Understanding employment decentralization by estimating the spatial scope of agglomeration economies
Gerard Verweij and
Peter Zwaneveld ()
Additional contact information
Gerard Verweij: CPB Netherlands Bureau for Economic Policy Analysis
Peter Zwaneveld: CPB Netherlands Bureau for Economic Policy Analysis
CPB Discussion Paper from CPB Netherlands Bureau for Economic Policy Analysis
This paper argues that the spatial decay function of agglomeration economies is much more complex than is often assumed in the agglomeration literature. We provide insight into this issue by analyzing a nationwide and spatially rich wage panel. The key finding is that wages and urbanization are not significantly related on short distances ( This article is revised on February 28th 2018. The revised version (Discussion Paper 376) can be found here . This positive effect attenuates across geographic space and becomes insignificant after 40-80km. This non-monotone relation between wages and distance to economic mass is in line with recently observed trend towards employment decentralization, because it suggests that agglomeration economies on short distances, i.e. in city centers, are offset by congestion externalities. Additionally, this paper finds no evidence that foreign economic mass affects wages in the Netherlands, which suggests that national borders are still a substantial barrier for economic interaction.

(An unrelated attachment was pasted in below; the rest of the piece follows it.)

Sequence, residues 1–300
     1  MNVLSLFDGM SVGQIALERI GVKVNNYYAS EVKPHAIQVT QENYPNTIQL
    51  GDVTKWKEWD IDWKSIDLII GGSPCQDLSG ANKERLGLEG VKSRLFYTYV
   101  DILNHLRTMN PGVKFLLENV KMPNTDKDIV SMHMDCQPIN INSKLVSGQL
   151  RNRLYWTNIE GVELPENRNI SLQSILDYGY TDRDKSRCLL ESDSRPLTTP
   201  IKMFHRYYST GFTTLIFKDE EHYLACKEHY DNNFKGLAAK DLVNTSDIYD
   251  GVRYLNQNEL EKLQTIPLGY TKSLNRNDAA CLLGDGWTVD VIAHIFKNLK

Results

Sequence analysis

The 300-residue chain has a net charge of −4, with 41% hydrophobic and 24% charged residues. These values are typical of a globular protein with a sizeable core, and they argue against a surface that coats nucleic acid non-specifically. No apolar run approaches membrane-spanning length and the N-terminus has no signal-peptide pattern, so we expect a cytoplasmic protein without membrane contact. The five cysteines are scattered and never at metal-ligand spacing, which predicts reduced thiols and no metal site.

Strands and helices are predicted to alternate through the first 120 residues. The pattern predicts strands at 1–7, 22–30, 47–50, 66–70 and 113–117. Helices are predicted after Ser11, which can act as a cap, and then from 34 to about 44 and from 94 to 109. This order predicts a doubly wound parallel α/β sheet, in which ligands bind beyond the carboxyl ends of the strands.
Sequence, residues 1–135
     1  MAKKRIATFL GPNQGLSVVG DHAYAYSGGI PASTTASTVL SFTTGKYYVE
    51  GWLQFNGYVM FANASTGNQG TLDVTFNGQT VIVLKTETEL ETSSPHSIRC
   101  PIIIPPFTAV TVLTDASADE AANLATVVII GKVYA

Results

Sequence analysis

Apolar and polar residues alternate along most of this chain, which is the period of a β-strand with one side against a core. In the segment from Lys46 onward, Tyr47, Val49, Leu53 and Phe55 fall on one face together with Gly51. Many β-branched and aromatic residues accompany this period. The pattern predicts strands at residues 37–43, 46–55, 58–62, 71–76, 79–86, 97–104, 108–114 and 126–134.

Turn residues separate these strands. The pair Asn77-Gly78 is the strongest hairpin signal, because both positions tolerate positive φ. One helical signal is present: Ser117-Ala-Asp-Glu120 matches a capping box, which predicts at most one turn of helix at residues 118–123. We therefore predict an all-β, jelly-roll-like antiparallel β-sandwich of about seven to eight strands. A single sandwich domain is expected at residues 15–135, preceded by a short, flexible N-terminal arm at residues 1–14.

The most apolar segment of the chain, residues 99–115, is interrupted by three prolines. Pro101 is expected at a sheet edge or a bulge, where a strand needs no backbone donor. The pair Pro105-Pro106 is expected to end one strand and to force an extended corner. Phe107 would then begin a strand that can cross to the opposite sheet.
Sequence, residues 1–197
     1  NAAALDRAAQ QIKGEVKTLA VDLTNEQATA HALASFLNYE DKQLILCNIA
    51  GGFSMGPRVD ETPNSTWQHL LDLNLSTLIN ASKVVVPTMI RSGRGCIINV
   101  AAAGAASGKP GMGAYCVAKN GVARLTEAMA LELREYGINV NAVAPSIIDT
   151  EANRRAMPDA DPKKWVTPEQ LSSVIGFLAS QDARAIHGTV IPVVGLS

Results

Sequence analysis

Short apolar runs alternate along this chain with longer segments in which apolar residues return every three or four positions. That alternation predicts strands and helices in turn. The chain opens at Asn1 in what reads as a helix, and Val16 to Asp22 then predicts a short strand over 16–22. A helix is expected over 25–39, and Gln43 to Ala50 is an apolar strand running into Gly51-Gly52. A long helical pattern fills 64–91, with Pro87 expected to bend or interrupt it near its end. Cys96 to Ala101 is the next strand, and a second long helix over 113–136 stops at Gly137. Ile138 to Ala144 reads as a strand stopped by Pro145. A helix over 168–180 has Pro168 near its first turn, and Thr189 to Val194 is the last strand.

JEL-codes: R12 J31 (search for similar items in EconPapers)
New Economics Papers: this item is included in nep-geo, nep-lma and nep-ure
References: View references in EconPapers View complete reference list from CitEc
Citations: Track citations by RSS feed
Downloads: (external link)
https://www.cpb.nl/sites/default/files/omnidownloa ... decentralization.pdf (application/pdf)
This item may be available elsewhere in EconPapers: Search for items with the same title.
Export reference: BibTeX
RIS (EndNote, ProCite, RefMan)
Persistent link: https://EconPapers.repec.org/RePEc:cpb:discus:342
Access Statistics for this paper
More papers in CPB Discussion Paper from CPB Netherlands Bureau for Economic Policy Analysis Contact information at EDIRC.
Bibliographic data for series maintained by (). This e-mail address is bad, please contact .